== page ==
furthermore, a lot of people who live in california do not really have an economic choice about it. your complete callousness to the loss of property and life of people in california is totally offensive.

Posted by: L.A. lurker | May 9, 2007 7:02 PM | Report abuse

Western Washington University. Did you know that this school is the academic home of the splendid Pinky Nelson? (former astronaut, male) Also the home of a fine storyteller, whose name presently escapes me, who used her cultured, refined, and very very elegant British-accented voice to tell us a story about how coyote once removed all the dogs' butt-holes and why they check each other beneath the tail today, whenever they meet, to see who has whose butt-hole. It was a lovely story.

Posted by: The *Tims | May 9, 2007 7:03 PM | Report abuse

Hey there Dave in Bellingham! Is there still a movement to call your school "WaWoo" to mimic WSU's "WaZoo"? Or have saner voices won out.

Posted by: RD Padouk | May 9, 2007 7:10 PM | Report abuse

*Tims - I was once lucky enough to have dinner with Pinky. (George Nelson)

Interesting guy who told us that the most important thing to have while in orbit is a lot of duct tape.

Posted by: RD Padouk | May 9, 2007 7:13 PM | Report abuse

Wilbrod://Somebody I know wants a rose-gold engagement ring, wouldn't mind Celtic style and inset stones are a must.//

Bigcranky's ring was beautiful!

Many goldsmiths don't do much with rose gold because the high copper % causes casting problems, and casting with inset stones causes a whole other set of problems--the best cooling method for the stones is the worst for the gold. I think your friend may want to consider prong setting (can look very inset) or bezel setting, which gives the gem the best protection overall.

If I were looking for a handcrafted (not necessarily rose gold) engagement ring, I'd go to:
They've both done some bespoke gold for me and everything is gorgeous. Dorothy's prices are better.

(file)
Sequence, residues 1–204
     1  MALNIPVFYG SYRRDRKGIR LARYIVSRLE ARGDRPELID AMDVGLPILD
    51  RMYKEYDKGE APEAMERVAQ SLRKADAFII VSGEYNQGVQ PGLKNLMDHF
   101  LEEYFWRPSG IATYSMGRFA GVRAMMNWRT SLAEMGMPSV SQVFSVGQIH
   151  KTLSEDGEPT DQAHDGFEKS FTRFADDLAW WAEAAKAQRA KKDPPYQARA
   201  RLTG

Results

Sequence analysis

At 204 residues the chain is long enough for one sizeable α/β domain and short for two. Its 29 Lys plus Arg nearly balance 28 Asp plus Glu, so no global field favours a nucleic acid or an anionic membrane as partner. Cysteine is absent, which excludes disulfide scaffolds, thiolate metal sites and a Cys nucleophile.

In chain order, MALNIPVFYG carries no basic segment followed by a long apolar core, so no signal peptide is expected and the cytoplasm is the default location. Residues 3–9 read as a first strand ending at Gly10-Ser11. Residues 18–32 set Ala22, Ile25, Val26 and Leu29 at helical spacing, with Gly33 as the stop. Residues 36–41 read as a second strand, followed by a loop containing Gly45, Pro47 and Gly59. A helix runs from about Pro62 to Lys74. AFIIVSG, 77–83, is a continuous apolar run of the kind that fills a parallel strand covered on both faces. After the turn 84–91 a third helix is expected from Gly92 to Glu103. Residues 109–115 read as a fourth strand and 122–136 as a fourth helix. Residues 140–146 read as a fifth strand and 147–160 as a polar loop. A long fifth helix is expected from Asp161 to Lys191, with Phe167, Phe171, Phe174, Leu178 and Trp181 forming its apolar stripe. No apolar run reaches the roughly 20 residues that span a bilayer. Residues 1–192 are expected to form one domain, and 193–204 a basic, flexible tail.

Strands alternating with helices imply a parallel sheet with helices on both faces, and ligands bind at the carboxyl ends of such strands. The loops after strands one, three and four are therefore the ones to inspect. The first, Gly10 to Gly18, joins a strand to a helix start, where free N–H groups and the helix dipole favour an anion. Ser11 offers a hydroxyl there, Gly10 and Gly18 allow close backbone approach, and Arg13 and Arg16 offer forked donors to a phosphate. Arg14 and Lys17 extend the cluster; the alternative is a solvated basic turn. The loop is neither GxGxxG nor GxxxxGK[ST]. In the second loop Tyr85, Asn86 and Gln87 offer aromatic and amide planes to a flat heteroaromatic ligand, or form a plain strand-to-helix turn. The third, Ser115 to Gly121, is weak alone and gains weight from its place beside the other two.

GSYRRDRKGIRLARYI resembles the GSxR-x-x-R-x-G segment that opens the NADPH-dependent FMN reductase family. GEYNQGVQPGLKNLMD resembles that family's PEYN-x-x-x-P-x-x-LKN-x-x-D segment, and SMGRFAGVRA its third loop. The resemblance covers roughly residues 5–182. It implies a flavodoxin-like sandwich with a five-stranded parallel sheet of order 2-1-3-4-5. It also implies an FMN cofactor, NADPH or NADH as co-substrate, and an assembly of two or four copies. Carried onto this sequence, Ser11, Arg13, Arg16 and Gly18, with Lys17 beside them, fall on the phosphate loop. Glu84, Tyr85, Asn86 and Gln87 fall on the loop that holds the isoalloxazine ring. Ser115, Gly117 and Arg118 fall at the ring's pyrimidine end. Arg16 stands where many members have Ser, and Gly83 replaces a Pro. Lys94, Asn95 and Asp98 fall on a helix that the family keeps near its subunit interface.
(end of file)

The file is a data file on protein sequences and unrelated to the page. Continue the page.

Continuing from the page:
Some jewelers who specialize in mokume gane add rose gold into the layers, and that would be truly beautiful. Let me see if I can find you one.

Posted by: dbG | May 9, 2007 7:13 PM | Report abuse

Here's a bit from LAT about the fire. Do I detect an endorsement of intelligent design by NPS?

The Griffith Park fire will help fire-prevention in the short term because there is less vegetation - or fuel for future fires, said Marty O'Toole, fire education and prevention specialist for the National Park Service

"But it won't take more than a couple of years for the plants and grasses to grow back," he said.


"The ecosystem is designed to bounce back very quickly," O'Toole said. "The challenge is when we put people next to open spaces. Then their lives and property are in danger. ... We are most concerned about public safety."

Posted by: LTL-CA | May 9, 2007 7:19 PM | Report abuse

The new Dr. Gridlock asks readers in his blog today to tell the best part of their commute. That's a question that doesn't often get asked.

The comments are wonderful. Makes you realize that people really do see the beauty around them...

Posted by: TBG | May 9, 2007 7:35 PM | Report abuse

TBG those comments are great, I spent the hour drive from Buffalo in the limo just watching the view, the orchards were all in bloom as were the dogwoods and other varieties of trees, plus the entire escarpment was carpeted in soft green from the emerging leaves on the trees.

Posted by: dmd | May 9, 2007 7:42 PM | Report abuse

Only because I can't let it go. Mokume, being fabricated instead of cast, would allow inset diamonds. :-)
(last ring, use a rose gold edge instead of white)
(top row, right)

TBG, nice article!

Posted by: dbG | May 9, 2007 7:48 PM | Report abuse

Was that tune, "we got to get you a woman" by the Four Tops? I keep thinking I've heard that before and I can't get it out of my head.

Error, thanks a bunch.

We've had bad thunderstorms and rain. Just getting in, and real tired. My bed is calling me, and I am answering in the affirmative.